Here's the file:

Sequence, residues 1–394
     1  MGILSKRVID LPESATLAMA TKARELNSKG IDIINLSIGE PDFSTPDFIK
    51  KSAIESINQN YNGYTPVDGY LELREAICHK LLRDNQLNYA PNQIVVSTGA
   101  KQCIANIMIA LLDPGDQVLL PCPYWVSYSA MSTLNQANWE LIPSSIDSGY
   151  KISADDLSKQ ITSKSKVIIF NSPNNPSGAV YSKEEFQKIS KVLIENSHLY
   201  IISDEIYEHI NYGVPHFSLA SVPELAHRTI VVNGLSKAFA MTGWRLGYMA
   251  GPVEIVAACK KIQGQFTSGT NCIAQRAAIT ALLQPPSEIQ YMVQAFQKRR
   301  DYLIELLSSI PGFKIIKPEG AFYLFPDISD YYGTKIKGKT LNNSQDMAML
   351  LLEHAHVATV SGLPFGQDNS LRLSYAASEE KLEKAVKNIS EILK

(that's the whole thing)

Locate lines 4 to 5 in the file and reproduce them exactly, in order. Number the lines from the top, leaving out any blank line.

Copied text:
   101  KQCIANIMIA LLDPGDQVLL PCPYWVSYSA MSTLNQANWE LIPSSIDSGY
   151  KISADDLSKQ ITSKSKVIIF NSPNNPSGAV YSKEEFQKIS KVLIENSHLY